Friday, June 22, 2007
In Seattle, they are considering limiting house height and trying to control McMansion McMania where people are buying a lot, then tearing down the modest sized house and filling the lot with a gargantuan house.
McMansions tend to appear in low density residential areas. Around Bellingham, they are drawn to county areas that are zoned for one and five acre lots like magnets. These lots are basically too small to be real farms yet too large to be affordable for the modest. They are prime candidates for mansion mania.
For many reasons one to five acre plots are a bad idea.
Up here, we don't yet seem to have the phenomena of tearing down modest size homes for the big ones. There's still some elbow room where the new monsters can go on new lots.
In Seattle, where population is larger and there is less space, monster homes squeeze into smaller city lots tearing out the existing house. They may as well be apartment buildings as they can be similar in size.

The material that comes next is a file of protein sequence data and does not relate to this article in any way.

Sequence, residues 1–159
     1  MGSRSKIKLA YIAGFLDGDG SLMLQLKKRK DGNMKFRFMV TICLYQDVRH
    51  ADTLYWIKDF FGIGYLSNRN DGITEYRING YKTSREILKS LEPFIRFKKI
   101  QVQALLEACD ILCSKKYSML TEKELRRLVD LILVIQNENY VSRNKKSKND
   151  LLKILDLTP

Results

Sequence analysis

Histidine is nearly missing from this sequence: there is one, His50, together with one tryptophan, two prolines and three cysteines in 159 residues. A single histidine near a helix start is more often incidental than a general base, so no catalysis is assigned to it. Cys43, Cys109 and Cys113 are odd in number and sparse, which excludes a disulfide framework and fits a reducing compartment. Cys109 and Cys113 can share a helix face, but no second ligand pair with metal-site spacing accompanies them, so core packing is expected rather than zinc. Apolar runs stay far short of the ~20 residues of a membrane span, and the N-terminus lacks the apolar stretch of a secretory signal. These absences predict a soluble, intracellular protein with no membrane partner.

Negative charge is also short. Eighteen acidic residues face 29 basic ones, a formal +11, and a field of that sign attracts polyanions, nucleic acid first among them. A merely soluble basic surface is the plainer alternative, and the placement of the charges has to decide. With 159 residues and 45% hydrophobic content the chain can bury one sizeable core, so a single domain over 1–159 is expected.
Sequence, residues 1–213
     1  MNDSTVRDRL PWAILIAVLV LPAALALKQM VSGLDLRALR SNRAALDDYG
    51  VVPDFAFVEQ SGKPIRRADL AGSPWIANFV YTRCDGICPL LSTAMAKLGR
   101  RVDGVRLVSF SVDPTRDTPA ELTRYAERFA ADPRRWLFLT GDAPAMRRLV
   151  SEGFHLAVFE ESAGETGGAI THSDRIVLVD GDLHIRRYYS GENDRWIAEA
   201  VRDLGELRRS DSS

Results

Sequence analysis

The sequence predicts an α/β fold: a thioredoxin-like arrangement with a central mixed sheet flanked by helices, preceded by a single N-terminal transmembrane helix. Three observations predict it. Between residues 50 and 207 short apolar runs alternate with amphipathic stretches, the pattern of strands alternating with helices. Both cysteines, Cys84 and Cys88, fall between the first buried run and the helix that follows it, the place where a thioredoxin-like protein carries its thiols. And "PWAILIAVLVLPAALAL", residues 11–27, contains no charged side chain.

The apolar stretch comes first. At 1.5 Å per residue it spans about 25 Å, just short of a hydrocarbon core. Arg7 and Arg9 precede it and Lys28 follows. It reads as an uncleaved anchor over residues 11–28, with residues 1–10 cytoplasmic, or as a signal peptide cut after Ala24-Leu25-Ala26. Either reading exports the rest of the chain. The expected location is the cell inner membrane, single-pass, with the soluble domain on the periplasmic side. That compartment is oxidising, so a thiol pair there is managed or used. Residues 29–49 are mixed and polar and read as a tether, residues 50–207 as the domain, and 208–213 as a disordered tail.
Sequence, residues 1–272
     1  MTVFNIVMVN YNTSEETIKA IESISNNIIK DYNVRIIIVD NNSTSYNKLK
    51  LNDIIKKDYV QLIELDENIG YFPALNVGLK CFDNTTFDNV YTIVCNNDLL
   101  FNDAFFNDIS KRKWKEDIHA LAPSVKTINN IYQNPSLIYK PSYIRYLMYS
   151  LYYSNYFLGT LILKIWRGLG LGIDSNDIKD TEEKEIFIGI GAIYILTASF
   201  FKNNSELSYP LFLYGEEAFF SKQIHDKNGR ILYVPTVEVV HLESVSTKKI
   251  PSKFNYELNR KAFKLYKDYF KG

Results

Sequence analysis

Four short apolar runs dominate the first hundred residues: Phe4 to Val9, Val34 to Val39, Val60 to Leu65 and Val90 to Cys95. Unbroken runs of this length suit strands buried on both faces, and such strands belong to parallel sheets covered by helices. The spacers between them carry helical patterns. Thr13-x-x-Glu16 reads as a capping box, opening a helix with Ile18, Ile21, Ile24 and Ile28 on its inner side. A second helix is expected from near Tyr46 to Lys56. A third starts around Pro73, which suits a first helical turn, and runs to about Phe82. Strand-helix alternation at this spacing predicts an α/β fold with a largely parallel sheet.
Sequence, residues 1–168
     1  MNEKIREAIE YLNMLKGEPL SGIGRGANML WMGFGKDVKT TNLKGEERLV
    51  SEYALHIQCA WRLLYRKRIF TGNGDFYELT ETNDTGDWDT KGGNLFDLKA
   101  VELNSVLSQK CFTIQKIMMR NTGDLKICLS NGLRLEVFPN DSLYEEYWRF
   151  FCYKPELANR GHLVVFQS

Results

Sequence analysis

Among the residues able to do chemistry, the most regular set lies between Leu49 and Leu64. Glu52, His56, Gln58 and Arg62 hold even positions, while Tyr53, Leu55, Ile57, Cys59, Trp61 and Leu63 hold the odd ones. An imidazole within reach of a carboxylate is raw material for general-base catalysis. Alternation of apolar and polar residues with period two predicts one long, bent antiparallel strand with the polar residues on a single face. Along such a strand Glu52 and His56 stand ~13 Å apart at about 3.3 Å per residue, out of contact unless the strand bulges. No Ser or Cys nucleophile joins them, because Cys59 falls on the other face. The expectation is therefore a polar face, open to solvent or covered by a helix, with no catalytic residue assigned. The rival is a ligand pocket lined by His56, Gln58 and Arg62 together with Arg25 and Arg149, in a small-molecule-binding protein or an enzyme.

People are sometimes annoyed by such blatant wealth, plus the natural resources consumed in building for one household. I hear that restrictions are being considered.
Rather than restrictions, a libertarian solution could be bumping up the zoning density where McMansions proliferate. They might as well be apartments and business buildings anyway. Why not? In some of Bellingham's older neighborhoods, big mansions are now being used for apartments and rooming houses. Many old mansions have evolved into student housing near the university.
I'm not necessarily a libertarian, but that way of thinking is a good tool; sort of like asking, "what would Jesus drive, if in fact Jesus would drive."
Allowing apartments and mixed use zoning in the McMansion areas would end a form of corporate welfare that protects these giant homes with single family zones. It would create more neighborhoods of mixed use and "income diversity."
Some argue that increased density adds traffic, but it can also spur better bus service and more pedestrian destinations.
* Picture I happened to have in my collection of some fairly large houses in a new part of Pullman, WA.
Posted by Theslowlane Robert Ashworth at 6:38 AM
Labels: greendensity, planning
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